Ethical Issues in Research with Medically Ill Children Research Paper

Ethical Issues in Research with Medically Ill Children
An in-depth examination of the ethical issues involved in conducting research with medically ill children as participants.
# 153838 | 6,665 words | 26 sources | APA | 2012 | US
Published on Mar 06, 2014 in Medical and Health (General) , Ethics (General)

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The paper discusses involving this population in research, the permissible level of risk, the issues of consent and assent, and the problem of confidentiality, both before and during the research study. The paper explores the ethical ramifications of these issues and their relevance to researchers. Despite these issues, this author maintains that the benefits of including this population in research outweigh the consequences of leaving them out.

Involving Children in Research
Level of Risk in Research
Issues of Consent and Assent

From the Paper:

"In past decades, children who had been diagnosed with certain diseases often did not survive. Now, however, medical advances have caused a change. Childhood disease has changed from acute to chronic and from incurable to curable or palliative (Eiser & Morse, 2001). This shift has also changed the make-up of hospital units, which now consist of more chronically ill children and adolescents than those who are acutely ill (Ivan & Glazer, 1994). Overall, the current rate of children suffering from chronic illness is 10-20% (Janse, Sinnema, Uiterwaal, Kimpen, & Gemke, 2008). Additionally, acute diseases that could not be cured now have much higher cure rates. For example, the five-year survival rate when considering all childhood cancers was 58.1% in 1975-1977. However, in 1996-2003, the survival rate had increased to 79.6%. These increases are attributed to advances in treatment that have resulted in a cure or long-term remission for several types of cancers. Unfortunately, the occurrence rates of cancer have increased as well (National Cancer Institute, 2011).
"Because of the increase in children who have any illness and the variety of new treatments developed to treat such illnesses, researchers are interested in including these children in clinical trials and research projects. While including children with a medical illness in research has benefits for both the children and the researchers, one must also consider what harms might come to these children as a result of participation."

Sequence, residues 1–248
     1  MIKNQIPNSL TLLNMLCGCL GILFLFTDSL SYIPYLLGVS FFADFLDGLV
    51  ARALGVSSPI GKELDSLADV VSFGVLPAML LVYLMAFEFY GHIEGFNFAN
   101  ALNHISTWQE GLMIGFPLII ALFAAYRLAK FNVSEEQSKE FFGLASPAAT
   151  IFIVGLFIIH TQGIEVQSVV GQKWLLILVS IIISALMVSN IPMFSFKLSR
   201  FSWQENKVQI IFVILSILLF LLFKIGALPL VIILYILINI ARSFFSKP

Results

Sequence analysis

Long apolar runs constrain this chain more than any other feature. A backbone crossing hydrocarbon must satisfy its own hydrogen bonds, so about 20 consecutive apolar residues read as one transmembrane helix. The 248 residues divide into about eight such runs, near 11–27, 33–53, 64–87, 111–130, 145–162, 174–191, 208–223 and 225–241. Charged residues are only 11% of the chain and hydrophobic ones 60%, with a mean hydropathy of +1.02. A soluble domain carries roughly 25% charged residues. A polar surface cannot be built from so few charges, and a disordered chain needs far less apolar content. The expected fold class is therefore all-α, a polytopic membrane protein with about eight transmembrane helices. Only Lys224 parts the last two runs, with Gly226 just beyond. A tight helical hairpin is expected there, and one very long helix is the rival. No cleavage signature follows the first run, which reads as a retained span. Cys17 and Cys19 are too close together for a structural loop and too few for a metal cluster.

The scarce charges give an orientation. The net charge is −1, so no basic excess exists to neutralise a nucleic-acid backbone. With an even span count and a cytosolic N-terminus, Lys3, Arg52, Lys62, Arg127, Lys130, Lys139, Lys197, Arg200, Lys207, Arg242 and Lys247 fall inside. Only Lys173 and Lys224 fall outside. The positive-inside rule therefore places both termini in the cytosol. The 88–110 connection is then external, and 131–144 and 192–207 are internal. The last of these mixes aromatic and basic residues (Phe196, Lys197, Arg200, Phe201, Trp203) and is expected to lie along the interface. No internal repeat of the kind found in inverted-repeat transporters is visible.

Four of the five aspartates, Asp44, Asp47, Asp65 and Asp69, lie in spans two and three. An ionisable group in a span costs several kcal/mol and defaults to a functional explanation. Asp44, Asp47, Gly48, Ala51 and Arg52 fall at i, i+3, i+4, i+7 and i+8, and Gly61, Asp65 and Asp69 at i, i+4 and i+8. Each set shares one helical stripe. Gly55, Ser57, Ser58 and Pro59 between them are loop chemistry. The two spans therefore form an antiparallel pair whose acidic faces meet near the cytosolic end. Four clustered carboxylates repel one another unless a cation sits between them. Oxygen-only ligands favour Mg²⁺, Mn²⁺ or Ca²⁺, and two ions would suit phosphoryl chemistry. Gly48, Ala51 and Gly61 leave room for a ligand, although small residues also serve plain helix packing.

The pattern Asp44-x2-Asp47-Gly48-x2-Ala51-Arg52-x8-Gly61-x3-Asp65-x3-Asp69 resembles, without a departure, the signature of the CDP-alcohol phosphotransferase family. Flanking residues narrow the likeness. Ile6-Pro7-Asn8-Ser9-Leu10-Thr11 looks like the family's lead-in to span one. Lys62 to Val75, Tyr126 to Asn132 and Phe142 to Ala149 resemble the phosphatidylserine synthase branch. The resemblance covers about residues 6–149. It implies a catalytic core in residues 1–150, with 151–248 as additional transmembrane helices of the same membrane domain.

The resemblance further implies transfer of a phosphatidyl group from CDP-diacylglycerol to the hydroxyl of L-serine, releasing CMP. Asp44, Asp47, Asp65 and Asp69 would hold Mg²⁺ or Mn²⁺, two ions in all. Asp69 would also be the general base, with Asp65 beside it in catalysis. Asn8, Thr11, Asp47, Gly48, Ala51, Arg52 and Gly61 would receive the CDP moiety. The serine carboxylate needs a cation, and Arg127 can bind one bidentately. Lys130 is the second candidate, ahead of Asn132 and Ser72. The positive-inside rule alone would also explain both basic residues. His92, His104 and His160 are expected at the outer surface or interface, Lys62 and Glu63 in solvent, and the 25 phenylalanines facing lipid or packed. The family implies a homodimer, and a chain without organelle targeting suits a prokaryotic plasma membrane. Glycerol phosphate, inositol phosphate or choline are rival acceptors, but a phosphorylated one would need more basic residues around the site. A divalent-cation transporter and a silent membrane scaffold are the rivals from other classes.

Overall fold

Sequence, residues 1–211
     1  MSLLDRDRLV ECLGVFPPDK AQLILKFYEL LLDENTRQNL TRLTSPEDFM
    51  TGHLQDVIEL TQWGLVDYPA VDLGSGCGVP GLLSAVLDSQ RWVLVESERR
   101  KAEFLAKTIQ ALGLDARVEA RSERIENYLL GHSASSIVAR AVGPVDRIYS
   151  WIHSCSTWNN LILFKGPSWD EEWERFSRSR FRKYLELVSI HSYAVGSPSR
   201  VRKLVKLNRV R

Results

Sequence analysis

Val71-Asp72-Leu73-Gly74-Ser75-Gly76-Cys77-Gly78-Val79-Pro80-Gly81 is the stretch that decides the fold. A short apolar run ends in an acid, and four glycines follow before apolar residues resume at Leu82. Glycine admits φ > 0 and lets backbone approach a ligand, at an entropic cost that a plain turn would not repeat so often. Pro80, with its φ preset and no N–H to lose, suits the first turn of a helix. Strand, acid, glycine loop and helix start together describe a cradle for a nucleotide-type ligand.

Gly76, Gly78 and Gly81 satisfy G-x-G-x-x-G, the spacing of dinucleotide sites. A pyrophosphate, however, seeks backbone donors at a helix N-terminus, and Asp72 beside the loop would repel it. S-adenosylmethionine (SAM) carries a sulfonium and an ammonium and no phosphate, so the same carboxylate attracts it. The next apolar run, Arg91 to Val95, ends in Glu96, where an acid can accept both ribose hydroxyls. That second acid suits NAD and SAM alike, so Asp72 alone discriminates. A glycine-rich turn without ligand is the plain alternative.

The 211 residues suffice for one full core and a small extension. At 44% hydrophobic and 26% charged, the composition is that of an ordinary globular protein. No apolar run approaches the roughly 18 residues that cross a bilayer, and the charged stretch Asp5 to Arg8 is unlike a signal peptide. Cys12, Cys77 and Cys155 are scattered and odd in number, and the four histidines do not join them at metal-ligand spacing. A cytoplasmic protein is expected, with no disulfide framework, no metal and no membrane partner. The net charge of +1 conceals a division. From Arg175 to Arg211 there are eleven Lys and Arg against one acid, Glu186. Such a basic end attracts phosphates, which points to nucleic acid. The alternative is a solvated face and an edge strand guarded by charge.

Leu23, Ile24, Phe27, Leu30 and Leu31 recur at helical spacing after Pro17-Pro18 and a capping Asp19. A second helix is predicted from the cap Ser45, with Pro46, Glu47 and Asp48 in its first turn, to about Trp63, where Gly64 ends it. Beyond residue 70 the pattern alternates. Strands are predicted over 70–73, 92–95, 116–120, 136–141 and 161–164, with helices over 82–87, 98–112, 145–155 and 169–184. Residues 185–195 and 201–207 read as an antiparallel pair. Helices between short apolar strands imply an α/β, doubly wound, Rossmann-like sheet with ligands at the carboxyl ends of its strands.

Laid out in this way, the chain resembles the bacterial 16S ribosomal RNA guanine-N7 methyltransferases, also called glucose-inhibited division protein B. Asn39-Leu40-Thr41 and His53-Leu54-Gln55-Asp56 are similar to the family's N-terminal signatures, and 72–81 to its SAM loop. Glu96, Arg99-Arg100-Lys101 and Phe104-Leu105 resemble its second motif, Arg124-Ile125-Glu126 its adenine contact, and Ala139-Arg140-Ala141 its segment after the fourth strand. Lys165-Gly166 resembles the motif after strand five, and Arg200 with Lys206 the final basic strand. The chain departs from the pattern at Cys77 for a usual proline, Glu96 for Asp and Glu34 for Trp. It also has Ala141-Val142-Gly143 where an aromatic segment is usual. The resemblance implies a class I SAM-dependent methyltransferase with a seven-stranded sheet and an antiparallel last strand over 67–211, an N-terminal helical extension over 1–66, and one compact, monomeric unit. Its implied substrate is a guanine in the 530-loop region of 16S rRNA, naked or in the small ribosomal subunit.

Sample of Sources Used:

  • Abramovitch, R.F.J., Thoden, K., Nikolich, C. (1991). Children's capacity to consent to participation in psychological research: Empirical findings. Child Developoment, 62, 1100-1109.
  • Aman, M.G. & Farmer, C.A. (2008). Psychotropic medication research in children and adolescents: Empirical findings and ethical obligations. Journal of Empirical Research on Human Research Ethics: An International Journal, 3(3), 39-47.
  • American Psychological Association. (2002). Ethical principles of psychologists and code of conduct. American Psychologist, 57, 1060-1073.
  • Bersoff, D.N. (2008). Academia: research, teaching, and supervision. In D.N. Bersoff (Ed.), Ethical Conflicts in Psychology (pp. 385-386). Washington, D.C.: American Psychological Association.
  • Buchwald, D., Delmar, C., & Sanchez-Laursen. (2011). Ethical dilemmas in conducting research with children. International Journal for Human Caring, 15(2), 28-34.

Cite this Research Paper:

APA Format

Ethical Issues in Research with Medically Ill Children (2014, March 06) Retrieved August 18, 2022, from

MLA Format

"Ethical Issues in Research with Medically Ill Children" 06 March 2014. Web. 18 August. 2022. <>